Design thinking starts with your client’s needs and problems rather than with your own business needs and problems. It challenges traditional ‘supply-push’ models of innovation which involve businesses developing new products and services in isolation and then forcing them on customers through traditional marketing and selling strategies.
A design-led business firm engages in what’s commonly referred to as a ‘pull-led’ innovation by actively listening to their clients, engaging with them on a day-to-day basis in understanding their needs and aspirations and involving them in the co-creation of the services, or dare I say it, the legal products that they will consume. Being design-led just doesn’t apply to the legal work, but rather the whole continuum of how a potential client, hears, touches, observes, contacts, interacts and ultimately becomes a client of your law firm.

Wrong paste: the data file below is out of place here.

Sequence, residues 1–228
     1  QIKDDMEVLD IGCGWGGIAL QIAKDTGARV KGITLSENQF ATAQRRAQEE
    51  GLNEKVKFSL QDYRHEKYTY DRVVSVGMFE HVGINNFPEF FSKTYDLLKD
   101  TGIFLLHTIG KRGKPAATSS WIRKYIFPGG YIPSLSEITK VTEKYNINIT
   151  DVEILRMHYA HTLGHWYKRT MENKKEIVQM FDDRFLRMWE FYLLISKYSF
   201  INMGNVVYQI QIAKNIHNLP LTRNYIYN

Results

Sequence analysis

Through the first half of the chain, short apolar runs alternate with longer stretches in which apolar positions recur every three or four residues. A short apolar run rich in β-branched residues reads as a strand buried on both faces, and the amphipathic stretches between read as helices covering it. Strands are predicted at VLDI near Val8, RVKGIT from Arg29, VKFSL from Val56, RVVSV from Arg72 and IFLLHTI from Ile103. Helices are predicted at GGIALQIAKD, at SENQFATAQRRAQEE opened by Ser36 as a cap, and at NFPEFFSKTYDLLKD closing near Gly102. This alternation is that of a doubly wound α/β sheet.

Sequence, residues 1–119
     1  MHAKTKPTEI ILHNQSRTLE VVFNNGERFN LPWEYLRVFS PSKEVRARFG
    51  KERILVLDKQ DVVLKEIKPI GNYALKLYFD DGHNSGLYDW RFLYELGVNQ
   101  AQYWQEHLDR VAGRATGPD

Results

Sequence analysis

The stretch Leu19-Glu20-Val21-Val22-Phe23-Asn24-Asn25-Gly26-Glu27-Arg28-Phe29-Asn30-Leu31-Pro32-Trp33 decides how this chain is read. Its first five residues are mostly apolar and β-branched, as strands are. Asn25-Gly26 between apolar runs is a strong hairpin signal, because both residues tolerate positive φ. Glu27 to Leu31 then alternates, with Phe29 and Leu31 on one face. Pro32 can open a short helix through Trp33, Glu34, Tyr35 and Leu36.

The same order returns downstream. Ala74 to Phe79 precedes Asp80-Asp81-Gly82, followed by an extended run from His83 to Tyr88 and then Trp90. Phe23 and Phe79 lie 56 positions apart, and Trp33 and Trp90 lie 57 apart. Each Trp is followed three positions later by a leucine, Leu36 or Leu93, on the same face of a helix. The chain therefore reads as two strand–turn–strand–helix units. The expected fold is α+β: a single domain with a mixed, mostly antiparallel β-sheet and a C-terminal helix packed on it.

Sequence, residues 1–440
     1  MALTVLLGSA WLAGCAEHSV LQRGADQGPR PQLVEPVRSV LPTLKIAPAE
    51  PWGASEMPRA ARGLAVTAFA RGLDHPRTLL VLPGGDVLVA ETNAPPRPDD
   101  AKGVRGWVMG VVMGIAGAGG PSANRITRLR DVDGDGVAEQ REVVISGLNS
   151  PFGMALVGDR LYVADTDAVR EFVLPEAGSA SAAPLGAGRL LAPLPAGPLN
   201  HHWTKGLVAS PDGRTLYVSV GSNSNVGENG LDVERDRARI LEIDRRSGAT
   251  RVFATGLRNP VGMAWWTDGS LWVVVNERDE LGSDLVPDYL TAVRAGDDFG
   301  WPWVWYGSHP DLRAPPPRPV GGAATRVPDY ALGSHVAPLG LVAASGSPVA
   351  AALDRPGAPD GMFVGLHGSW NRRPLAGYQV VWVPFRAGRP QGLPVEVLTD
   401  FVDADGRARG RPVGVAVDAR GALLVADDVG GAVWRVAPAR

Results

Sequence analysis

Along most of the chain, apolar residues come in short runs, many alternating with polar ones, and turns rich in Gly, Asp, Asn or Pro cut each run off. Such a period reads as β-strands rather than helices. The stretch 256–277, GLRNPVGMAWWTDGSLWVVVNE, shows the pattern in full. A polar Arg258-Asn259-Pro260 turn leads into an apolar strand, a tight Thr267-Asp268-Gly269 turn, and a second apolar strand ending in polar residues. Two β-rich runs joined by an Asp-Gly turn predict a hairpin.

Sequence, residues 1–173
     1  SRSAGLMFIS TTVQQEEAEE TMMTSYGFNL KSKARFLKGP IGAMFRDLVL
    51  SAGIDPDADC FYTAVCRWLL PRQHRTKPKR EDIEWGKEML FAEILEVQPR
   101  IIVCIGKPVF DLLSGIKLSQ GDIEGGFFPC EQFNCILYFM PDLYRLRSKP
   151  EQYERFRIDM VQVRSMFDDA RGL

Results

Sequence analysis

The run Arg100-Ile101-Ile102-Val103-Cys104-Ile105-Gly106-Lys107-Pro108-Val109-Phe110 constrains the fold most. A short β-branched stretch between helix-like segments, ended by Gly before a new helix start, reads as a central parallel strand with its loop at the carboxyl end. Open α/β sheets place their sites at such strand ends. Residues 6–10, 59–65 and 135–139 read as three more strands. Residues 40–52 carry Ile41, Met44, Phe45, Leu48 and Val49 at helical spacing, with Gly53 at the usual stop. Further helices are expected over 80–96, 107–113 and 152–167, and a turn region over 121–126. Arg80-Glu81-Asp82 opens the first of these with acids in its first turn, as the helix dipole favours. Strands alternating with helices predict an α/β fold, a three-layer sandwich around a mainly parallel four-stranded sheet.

In contrast to a number of other strategic frameworks, design thinking involves starting from the other end of the client experience, working backwards to intimately engage with your clients and consequently, re-orientating your entire business model to ensure this predominant focus.